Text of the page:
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Transgender restroom debate

A sign indicates a transgender-friendly restroom at the 21c Museum Hotel in Durham, North Carolina.

A Cheyenne legislator wants to amend civil rights-era legislation to bar transgender individuals from using public bathrooms in Wyoming.

People would be subject to imprisonment for using a bathroom that does not correspond to their “sex identified at birth by the person’s anatomy” under House Bill 244, which would expand the crime of public indecency.

To be charged with public indecency under the existing law, a person must engage in an activity “with the intent of arousing the sexual desire of himself or another person.”

Sponsor Rep. Lars Lone, R-Cheyenne, declined to speak with a Star-Tribune reporter at the Wyoming Legislature.

“Bathroom bills,” meant to bar transgender people from using public restrooms, have become popular among socially conservative Republican legislators around the country.

Transgender people’s gender does not match the sex they were assigned at birth. For example, a transgender woman’s birth certificate might list her as a male. But House Bill 244 would bar even individuals whose birth certificate has been amended to reflect their gender.

Lone’s bill would also amend Wyoming’s anti-discrimination law.

The law governing access to public accommodations, passed in 1957, allows “all persons of good deportment” access to any public establishment and bars discrimination on the basis of race, religion, color, sex or national origin.

House Bill 244 would make that legislation subject to the new definition of public indecency and allow barring access to bathrooms on the basis of sex. People convicted of using the wrong bathroom would be guilty of a misdemeanor punishable by up to six months imprisonment, a $750 fine or both.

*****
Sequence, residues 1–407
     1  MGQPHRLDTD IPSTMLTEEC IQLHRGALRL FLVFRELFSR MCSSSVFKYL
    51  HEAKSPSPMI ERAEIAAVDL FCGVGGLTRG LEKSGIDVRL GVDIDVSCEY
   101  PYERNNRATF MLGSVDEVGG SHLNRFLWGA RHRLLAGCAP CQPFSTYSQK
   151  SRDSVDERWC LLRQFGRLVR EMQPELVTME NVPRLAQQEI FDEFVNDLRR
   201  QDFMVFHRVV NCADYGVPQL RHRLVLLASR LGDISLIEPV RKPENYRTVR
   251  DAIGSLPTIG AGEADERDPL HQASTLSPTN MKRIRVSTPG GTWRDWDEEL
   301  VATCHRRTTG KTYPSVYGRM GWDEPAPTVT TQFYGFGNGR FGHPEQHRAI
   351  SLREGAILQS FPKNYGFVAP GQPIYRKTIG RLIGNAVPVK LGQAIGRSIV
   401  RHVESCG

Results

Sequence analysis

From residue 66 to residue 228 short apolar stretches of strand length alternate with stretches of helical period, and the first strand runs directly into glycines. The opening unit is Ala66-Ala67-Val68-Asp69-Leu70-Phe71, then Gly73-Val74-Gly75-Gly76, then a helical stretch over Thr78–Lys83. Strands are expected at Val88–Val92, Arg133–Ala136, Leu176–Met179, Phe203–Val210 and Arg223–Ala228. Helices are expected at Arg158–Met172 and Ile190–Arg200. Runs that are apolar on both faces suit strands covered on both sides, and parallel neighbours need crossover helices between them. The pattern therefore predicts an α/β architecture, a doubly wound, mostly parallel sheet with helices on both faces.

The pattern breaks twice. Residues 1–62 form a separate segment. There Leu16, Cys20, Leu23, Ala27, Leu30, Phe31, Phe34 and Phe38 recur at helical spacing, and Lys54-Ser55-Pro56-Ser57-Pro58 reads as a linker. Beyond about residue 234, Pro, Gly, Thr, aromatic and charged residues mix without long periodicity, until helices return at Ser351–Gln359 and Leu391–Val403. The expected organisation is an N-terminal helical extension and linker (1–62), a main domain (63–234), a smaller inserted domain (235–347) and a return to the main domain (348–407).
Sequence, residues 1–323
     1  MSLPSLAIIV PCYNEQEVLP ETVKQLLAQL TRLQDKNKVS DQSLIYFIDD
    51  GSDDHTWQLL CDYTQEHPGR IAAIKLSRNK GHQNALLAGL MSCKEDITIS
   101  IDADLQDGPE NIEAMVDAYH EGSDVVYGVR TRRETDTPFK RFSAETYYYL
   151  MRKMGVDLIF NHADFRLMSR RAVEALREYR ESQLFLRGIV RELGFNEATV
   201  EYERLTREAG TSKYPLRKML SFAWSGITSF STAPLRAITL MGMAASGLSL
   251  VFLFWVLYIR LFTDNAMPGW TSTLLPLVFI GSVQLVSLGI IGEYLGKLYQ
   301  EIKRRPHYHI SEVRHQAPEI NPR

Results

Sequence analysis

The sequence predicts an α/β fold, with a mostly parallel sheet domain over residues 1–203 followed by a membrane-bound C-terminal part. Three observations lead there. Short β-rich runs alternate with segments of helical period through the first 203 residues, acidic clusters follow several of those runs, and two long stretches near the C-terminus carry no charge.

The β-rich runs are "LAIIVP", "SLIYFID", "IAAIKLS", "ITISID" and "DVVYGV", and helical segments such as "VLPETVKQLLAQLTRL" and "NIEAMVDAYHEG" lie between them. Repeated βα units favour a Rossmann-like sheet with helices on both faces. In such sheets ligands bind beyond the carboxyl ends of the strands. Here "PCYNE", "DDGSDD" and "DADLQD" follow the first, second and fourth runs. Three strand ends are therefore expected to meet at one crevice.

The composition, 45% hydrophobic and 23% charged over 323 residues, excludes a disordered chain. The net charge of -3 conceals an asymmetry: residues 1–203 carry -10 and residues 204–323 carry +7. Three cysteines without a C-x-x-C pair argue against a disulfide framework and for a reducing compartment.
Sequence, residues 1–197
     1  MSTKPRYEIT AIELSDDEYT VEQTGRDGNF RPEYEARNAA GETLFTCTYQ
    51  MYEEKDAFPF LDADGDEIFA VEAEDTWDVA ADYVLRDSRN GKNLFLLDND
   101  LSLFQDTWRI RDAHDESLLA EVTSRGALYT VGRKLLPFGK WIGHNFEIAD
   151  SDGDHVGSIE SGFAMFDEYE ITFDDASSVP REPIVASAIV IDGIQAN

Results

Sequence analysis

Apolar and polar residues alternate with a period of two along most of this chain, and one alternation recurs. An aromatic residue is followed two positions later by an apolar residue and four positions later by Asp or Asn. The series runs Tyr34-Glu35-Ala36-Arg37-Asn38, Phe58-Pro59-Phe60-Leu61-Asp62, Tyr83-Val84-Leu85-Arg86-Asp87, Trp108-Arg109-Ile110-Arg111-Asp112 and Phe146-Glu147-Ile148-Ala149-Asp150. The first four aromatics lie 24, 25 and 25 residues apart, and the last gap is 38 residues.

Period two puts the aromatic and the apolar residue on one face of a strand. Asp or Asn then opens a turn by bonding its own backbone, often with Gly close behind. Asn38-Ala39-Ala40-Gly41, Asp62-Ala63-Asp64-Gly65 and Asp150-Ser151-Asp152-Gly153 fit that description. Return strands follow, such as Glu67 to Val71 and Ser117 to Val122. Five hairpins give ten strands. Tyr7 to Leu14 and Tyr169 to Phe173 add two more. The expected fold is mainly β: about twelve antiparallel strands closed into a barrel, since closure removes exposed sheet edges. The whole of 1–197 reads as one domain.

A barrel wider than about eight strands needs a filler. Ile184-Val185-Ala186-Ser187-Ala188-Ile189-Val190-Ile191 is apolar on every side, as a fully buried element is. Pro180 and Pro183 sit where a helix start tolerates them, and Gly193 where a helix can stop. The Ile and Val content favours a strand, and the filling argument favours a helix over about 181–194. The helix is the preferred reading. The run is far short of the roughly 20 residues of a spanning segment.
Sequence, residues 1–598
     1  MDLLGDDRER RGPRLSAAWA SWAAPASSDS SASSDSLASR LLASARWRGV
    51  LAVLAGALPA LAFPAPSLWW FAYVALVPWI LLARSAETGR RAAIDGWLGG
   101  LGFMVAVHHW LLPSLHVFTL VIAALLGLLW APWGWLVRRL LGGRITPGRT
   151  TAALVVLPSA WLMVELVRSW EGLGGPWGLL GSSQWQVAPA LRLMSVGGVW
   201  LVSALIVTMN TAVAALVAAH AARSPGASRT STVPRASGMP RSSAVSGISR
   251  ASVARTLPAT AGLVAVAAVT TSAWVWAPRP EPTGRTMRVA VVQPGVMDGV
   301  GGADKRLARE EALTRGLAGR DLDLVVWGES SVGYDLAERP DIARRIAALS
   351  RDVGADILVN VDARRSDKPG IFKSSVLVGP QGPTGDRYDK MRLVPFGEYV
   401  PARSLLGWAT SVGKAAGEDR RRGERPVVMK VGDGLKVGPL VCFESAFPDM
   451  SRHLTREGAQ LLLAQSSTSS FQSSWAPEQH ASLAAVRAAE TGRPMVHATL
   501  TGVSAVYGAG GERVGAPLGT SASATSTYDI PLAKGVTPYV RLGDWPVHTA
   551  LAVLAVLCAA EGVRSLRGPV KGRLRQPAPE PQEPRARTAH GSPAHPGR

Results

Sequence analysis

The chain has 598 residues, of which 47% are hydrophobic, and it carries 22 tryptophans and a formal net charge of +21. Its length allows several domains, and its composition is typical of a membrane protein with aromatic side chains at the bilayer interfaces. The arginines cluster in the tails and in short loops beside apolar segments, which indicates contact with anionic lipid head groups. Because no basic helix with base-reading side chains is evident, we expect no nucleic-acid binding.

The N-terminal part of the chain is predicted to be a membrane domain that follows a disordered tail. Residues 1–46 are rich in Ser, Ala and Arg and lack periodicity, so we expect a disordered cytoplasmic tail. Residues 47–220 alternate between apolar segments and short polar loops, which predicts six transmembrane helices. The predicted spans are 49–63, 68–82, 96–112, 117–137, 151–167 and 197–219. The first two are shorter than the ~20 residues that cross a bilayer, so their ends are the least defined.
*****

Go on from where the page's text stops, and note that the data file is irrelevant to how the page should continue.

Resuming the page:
The anti-discrimination statute was originally passed after Republican Gov. Milward L. Simpson warned the Legislature that by the mid-1950s Wyoming was one of the only non-southern states that did not permit all citizens access to public accommodations, according to an article in the history journal Annals of Wyoming.

House Bill 244 would allow cleaning staff and people providing medical aid to enter any bathroom they need.

While Rep. Roy Edwards, R-Gillette, announced his intention to file a bathroom bill several weeks ago, he has not yet done so.

Only Rep. Mark Jennings, R-Sheridan, has co-sponsored Lone’s bill.

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While he could not be reached for comment by the Star-Tribune, Lone told the Wyoming Tribune Eagle before the legislative session began that his main priority was solving the state’s budget deficit.

“Reduce spending is the first goal we have to accomplish,” Lone said.

In addition to House Bill 244, Lone has sponsored five other bills, including one that would require all Internet-enabled electronics sold in Wyoming to include software blocking obscene material like pornography, a bill that would make it easier to stop making alimony payments and a bill that would require voters to show photo identification at the polls.

House Bill 244 was filed Thursday and has yet to be assigned to a committee.

State politics reporter Laura Hancock contributed to this article from Cheyenne.

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